What is is about building services that we just cannot get them right? No matter how many times we design homes, apartment buildings, churches, office buildings, no matter how much care is lavished on the design of ducts, pipes, risers, laterals and entry points, as soon as the building is completed, along comes some ‘jobsworth’ and fixes a dish/aerial/conduit/meter/sign/pipe to it in defiance of taste or design. I am not seeking perfection, a perfectly ordered environment where everything is rectilinear and clean, where sunlight reflects from polished surfaces and all of life is hidden behind granite and glass. I am asking for the vandalism to be kept under control. If an unemployed youth drilled a hole in a facade and put a pipe through it and sealed it with expanding foam that dribbled down the front of the building, we would arrest him for criminal damage, if a heating engineer does it we shrug and say ‘it couldn’t be helped’.
Building and facility maintenance teams must shoulder responsibility for some of the damage, as they are the ones who either cannot be bothered to implement contractual agreements they have with their maintenance supply chain, or don’t even set up agreements in the first place that sets out what maintenance contractors can and cannot do.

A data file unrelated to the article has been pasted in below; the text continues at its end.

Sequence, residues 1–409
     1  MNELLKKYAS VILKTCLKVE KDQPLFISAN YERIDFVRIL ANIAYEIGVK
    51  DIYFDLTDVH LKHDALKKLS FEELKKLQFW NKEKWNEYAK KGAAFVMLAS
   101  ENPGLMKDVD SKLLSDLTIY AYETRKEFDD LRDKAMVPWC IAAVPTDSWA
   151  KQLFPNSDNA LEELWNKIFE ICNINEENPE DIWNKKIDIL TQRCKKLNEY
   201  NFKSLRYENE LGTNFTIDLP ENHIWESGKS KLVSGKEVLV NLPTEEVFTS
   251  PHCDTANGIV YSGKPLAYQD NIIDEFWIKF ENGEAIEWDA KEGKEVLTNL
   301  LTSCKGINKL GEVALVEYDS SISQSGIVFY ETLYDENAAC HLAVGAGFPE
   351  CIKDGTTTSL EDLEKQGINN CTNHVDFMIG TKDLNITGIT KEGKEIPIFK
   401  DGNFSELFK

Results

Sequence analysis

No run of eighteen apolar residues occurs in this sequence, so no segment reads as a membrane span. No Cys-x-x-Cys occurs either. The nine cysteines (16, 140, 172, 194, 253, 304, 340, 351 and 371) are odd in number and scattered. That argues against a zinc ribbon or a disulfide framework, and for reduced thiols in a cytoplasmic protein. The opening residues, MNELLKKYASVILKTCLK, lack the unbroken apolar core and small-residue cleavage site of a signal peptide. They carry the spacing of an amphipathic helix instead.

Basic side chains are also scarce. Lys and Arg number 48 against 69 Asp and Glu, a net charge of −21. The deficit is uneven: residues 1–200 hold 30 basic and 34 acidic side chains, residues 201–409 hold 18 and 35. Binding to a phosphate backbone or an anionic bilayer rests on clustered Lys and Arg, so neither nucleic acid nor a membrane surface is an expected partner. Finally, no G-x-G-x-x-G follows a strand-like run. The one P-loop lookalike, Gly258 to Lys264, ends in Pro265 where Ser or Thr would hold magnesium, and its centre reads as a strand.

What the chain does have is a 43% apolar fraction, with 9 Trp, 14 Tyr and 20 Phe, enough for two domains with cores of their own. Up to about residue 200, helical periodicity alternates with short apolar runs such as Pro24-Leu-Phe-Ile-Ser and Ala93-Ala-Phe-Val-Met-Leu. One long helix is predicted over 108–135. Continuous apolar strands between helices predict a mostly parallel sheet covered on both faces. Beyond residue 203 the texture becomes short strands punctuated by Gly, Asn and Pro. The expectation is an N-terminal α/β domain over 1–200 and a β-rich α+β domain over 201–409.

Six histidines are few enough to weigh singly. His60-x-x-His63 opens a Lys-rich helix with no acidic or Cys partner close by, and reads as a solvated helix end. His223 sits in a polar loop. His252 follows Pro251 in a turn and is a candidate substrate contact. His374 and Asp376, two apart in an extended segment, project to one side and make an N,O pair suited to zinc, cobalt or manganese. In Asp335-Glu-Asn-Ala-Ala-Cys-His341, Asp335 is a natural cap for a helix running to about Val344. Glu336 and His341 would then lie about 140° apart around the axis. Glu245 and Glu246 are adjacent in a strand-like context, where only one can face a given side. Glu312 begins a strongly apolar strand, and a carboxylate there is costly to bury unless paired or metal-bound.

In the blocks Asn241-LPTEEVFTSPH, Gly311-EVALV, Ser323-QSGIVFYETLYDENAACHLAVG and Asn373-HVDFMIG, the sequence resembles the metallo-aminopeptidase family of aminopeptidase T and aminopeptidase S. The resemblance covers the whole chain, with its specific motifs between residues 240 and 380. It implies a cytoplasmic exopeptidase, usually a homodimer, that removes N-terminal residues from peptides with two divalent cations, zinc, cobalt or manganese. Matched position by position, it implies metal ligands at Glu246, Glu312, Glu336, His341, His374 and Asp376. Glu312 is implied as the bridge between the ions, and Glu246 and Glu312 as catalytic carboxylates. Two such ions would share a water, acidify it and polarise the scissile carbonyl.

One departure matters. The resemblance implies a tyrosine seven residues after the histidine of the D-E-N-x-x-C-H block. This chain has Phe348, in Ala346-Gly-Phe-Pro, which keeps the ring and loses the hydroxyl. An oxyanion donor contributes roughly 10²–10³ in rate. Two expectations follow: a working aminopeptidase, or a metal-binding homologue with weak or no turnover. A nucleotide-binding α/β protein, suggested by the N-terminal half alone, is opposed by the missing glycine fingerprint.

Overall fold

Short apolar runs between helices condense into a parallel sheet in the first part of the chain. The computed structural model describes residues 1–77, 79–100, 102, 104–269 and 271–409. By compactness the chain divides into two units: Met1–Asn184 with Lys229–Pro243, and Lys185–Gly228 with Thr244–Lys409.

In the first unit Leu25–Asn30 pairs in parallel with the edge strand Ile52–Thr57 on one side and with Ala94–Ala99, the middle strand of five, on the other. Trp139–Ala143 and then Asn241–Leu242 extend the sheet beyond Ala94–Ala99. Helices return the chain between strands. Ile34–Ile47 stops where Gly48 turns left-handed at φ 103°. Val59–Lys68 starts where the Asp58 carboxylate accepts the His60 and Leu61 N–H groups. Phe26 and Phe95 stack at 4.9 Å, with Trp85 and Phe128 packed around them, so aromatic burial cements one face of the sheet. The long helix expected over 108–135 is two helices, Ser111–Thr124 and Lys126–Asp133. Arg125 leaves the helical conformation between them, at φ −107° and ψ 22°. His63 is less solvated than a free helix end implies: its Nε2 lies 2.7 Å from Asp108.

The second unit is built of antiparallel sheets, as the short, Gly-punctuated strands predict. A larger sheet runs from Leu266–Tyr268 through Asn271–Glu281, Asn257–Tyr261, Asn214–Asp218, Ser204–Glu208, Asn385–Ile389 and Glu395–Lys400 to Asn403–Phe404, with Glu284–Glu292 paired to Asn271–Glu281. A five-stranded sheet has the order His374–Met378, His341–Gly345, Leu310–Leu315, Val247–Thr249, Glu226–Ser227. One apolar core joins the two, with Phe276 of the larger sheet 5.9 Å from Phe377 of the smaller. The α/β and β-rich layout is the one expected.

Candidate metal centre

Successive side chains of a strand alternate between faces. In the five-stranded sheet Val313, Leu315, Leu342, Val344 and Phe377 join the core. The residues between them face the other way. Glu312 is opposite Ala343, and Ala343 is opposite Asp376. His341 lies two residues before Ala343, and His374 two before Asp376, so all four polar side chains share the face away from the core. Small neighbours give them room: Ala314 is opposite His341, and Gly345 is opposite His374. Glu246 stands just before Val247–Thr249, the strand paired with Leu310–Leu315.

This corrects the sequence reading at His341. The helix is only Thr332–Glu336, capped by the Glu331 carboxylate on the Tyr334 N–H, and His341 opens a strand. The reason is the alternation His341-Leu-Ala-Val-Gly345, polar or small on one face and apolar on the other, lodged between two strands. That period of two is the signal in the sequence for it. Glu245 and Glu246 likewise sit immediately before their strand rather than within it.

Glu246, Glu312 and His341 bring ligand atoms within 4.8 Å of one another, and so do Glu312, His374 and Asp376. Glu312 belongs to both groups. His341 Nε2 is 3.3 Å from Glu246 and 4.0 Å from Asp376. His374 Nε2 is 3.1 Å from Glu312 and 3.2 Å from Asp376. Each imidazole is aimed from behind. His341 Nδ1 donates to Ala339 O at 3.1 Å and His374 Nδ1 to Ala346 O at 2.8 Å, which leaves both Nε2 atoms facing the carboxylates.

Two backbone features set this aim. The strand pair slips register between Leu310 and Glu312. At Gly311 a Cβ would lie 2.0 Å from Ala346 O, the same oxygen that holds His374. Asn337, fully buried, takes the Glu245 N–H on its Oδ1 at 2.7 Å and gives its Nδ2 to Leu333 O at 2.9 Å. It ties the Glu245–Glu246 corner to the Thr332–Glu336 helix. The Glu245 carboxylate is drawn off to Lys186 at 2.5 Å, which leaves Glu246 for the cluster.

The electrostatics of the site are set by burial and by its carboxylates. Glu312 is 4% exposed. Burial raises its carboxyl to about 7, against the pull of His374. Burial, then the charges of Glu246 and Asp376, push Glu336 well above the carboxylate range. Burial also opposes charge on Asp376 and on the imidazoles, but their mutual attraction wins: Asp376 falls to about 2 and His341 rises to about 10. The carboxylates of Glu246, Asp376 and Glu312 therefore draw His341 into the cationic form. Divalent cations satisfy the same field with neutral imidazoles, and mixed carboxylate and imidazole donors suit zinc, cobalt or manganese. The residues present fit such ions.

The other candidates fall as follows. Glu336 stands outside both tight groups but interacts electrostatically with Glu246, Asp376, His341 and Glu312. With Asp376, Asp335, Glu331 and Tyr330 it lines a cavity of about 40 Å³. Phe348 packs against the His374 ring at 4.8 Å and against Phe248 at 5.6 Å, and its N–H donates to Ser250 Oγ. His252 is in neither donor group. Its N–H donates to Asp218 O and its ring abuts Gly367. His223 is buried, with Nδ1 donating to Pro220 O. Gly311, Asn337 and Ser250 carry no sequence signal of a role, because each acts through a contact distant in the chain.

Landlords should take this issue more seriously as this type of clutter devalues their asset and makes us all poorer. There is little excuse for housing estate managers allowing this dish rash. Cable providers have covered most of London and even unusual stations from abroad can be piped to most dwellings. The continuing drive towards faster broadband and fibre to the door should mean that most of these will become unnecessary in time. Will anyone come and take them away when they are obsolete. Not unless the metals they contain are valuable enough.
This image demonstrates the folly of designing in a servicing strategy when the building is constructed that leaves no room for additional services. Or it could be an example of a gas engineer who insists on the supply pipework being ‘ventilated’. With the price of steel and copper rising, I wouldn’t bet on these being still there in a few years time.
I could go on.
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